Carpal Tunnel, Cubital Tunnel Syndromes, and Neuropathy
When you hear the term “tunnel syndrome”, you may automatically think of carpal tunnel syndrome since it has become such a common condition. There are also other tunnel syndromes that we will explain below. All of these conditions are caused by pressure that is placed on the nerves in the hand, wrist, and arm.
Cubital Tunnel Syndrome (also known as “Ulnar Neuropathy”) is numbness and pain in the elbows and fingers that is caused primarily by pressure repeatedly being placed on the ulnar nerve, which is located near the “funny bone” part of the elbow. This can be caused by repeatedly leaning on the elbow or by repetitive use that is taxing on this area of the arm, like pitching in baseball.
Radial Tunnel Syndrome Is caused by increased pressure on the radial nerve. This nerve runs through the elbow and the forearm. Common symptoms include pain in the forearm and the back of the hand. This pain often appears when the person goes to straighten out the wrist and the fingers.
Peripheral Neuropathy is tingling, numbness, and pain that can occur in the hands and feet, due to damage to the peripheral nerves. This damage can be caused by traumatic injuries, infections, metabolic conditions, alcoholism, and more. A gradual onset of numbness, stabbing pain, sensitivity to touch, and muscle weakness are all possible symptoms of Peripheral Neuropathy.
Carpal Tunnel Syndrome is caused by pressure on the median nerve. This nerve runs through the carpal tunnel and controls the thumb and all of the fingers (with the exception of the pinky). With the rise of computers and typing for both more work and pleasure, carpal tunnel has become more common. Repetitive use of the wrist, especially in actions when your hand is lower than your wrist, is the most common cause, with hypothyroidism and rheumatoid arthritis also being possible causes.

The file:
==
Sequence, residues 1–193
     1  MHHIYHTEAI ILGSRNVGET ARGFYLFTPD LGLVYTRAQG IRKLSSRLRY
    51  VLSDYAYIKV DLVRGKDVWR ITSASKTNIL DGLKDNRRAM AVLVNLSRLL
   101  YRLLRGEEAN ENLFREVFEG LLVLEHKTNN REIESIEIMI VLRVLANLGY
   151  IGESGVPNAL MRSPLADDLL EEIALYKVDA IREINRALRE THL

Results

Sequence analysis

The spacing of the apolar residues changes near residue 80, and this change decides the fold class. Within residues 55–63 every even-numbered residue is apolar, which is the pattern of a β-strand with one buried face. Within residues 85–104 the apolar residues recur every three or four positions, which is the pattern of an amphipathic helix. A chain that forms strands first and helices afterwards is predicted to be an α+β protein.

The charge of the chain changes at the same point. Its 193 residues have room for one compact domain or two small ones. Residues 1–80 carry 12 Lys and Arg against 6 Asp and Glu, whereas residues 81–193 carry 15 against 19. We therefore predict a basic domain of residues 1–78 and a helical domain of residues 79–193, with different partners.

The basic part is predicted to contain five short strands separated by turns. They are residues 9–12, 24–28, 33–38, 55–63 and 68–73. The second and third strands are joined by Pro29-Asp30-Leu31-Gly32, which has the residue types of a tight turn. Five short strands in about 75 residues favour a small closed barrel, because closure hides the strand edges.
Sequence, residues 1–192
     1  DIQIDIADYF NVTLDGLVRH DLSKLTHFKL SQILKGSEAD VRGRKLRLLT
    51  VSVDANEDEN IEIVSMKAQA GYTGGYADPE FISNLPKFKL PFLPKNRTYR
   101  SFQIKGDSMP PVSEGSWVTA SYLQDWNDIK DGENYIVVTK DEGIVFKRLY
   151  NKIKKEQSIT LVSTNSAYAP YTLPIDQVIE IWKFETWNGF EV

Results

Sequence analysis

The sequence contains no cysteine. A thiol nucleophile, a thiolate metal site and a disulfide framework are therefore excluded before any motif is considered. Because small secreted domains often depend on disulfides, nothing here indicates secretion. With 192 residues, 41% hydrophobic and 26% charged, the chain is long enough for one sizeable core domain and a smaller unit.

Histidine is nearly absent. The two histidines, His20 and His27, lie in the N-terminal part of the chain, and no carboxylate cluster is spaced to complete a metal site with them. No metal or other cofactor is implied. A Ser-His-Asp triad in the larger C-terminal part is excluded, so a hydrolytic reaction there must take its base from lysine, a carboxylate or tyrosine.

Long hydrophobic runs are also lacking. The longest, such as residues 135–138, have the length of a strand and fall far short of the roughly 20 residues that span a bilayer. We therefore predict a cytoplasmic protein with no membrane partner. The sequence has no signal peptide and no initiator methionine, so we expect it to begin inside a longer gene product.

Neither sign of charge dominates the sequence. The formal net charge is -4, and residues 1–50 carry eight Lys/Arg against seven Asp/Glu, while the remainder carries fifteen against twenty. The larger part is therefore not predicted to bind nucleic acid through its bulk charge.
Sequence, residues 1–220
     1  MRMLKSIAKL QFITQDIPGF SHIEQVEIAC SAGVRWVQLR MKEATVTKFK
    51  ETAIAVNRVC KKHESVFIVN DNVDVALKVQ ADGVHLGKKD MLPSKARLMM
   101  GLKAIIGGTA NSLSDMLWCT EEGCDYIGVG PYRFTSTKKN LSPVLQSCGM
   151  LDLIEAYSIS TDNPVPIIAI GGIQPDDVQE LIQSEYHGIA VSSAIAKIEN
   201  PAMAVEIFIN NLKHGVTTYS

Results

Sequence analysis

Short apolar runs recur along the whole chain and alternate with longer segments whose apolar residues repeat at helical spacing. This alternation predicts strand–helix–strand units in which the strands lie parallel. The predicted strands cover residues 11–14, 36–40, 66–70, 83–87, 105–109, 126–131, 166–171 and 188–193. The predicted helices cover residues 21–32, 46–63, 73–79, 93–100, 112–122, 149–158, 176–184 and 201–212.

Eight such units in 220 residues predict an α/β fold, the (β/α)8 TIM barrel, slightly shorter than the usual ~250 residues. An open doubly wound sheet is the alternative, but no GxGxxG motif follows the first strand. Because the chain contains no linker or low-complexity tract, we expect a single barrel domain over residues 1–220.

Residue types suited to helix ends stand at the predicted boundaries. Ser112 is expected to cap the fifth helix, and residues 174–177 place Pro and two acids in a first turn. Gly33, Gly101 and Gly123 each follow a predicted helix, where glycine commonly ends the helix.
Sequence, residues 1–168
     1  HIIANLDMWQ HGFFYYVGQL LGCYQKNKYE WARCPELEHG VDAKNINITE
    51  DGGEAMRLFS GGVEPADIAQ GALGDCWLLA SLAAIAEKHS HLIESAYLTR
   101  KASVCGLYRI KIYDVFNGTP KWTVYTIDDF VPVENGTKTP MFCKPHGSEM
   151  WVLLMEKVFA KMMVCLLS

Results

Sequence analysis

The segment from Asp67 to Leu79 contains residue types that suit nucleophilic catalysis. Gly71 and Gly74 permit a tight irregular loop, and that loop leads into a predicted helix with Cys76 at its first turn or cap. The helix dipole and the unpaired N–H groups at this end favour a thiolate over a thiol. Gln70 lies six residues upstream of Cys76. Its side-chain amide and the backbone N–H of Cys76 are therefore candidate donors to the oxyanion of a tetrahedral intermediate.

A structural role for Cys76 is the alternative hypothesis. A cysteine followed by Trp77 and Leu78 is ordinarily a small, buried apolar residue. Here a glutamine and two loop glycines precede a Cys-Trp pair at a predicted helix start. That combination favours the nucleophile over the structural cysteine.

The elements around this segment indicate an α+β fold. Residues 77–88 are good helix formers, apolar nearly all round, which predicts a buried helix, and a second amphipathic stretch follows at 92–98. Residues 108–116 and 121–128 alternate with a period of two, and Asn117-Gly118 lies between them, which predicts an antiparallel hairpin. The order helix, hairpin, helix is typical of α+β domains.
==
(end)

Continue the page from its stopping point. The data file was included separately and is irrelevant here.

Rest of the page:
Carpal tunnel syndrome is a condition in which the median nerve experiences compression in the area of the wrist. Symptoms may consist of numbness and tingling in the thumb and fingers, weak grip strength, and difficulty engaging the hand in every day activities, nighttime awakening due to pain or numbness. Often times, a patient may experience difficulty with fine motor activities such as buttoning clothing, knitting, knot tying, and picking up small objects.
Risk factors for developing carpal tunnel syndrome include prediabetes, diabetes, obesity, thyroid disease, and pregnancy. Localized pressure from tumors and cysts such as lipomas and ganglions are an extrinsic cause of carpal tunnel syndrome. Some work related causes of carpal tunnel syndrome have also been described, particularly work tasks that involve repetitive actions, vibrations, and certain prolonged wrist postures such as keyboard typing.
Treatment of carpal tunnel syndrome is often initiated with non-surgical modalities such as temporary wrist immobilization, improved ergonomic wrist postures, and anti-inflammatory medications. Patients that have no relief with non-surgical treatment, and patients with evidence of constant nerve compression with loss of muscle tone, may opt for surgical release of the transverse carpal tunnel ligament. Surgery relieves the compression on the medial nerve, and results in a more permanent relief of nerve compression.
Dr. Hahn has cared for many patients with carpal tunnel syndrome, and has performed the surgery hundreds of times. Should you suspect that you are inflicted with carpal tunnel syndrome, numbness, pain, or hand weakness, please make an appointment. Dr. Hahn is accepting new patients, and is eager to address his patient’s discomforts, and allow them to resume their hobbies, work responsibilities, and improve the quality of their life.